Such a system could follow the model of the popular factchecker blogs that hold politicians and political reporters accountable. For science reporting, eLife could start a website that analyzes science reporting at different news outlets, using metrics like “copying from press release,” “additional sourcing,” or “contextualization” that are relevant to the peculiar problems of science reporting.

Adding accountability to the system could potentially yield a number of benefits for science communication generally. Reporters and publications might think twice about borrowing from a press release if it could damage their reputation in a more public way. On the other side of the equation, scientists could make more confident, informed decisions about their interactions with the press.

To make it work, eLife would need to have a firewall between its press analysis and the eLife journal itself, just as it has ensured that eLife is editorially independent from its funders. The embargo system still in place at most technical journals also presents a challenge, as it could allow journals to restrict access to embargoed content in response to unfavorable coverage. But given the stranglehold that closed-access journals have over journalists through the embargo system, exposing and disrupting this reporter-journal codependency might be a positive development for science communication in the long run.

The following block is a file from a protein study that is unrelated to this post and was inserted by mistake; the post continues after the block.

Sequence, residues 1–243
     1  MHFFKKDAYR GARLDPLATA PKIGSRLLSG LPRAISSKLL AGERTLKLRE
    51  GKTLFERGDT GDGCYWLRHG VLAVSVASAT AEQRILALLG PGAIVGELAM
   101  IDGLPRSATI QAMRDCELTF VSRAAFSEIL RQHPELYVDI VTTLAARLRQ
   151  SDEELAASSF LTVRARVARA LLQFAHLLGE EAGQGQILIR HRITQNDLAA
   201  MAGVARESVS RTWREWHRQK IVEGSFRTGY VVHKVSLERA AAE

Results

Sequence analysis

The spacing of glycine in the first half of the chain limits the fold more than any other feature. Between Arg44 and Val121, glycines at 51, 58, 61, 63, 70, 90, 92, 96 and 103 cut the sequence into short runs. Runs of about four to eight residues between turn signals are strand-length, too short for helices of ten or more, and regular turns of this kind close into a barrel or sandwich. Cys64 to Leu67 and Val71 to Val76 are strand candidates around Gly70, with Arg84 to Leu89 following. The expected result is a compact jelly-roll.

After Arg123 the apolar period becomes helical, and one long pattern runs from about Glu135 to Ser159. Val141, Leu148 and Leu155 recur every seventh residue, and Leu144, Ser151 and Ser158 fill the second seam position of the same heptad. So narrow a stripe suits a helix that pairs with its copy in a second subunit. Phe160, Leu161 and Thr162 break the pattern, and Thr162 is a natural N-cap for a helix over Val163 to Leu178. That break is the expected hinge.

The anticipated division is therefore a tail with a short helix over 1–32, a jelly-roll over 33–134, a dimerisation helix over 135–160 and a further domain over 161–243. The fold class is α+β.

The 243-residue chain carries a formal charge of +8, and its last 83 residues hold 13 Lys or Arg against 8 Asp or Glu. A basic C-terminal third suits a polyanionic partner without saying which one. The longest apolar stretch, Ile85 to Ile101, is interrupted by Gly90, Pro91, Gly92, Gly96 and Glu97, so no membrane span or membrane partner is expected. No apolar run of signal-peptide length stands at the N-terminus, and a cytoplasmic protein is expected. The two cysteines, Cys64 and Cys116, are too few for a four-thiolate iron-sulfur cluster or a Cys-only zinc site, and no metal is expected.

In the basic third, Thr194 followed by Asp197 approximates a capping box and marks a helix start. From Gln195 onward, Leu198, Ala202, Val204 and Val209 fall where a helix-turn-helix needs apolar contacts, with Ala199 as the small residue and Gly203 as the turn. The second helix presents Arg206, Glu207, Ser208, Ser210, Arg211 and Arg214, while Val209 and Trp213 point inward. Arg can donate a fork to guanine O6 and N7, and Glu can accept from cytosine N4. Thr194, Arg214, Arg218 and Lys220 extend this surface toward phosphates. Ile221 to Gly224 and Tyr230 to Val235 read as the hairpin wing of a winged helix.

As Owens noted, eLife has drawn criticism from Kent Anderson at The Scholarly Kitchen for creating a potential conflict of interest, insofar as eLife could end up publishing research funded by its founders. Furthermore, Anderson argues that the review process takes a long time because it is thorough, not because it is disorganized.

These concerns are important, and likely to dog eLife more and more as it grows. But by making a concerted effort to tamp down hype and improve accuracy in the coverage of the science it publishes, eLife can push back against these concerns. More important, it can spark innovation in science-press relations, challenging the dominance of closed-access journals in the eyes of both scientists and the public.

 

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Elizabeth Robinson is a science policy graduate student at the Georgetown Public Policy Institute in Washington, DC. She also holds a bachelor's in neuroscience from Columbia University.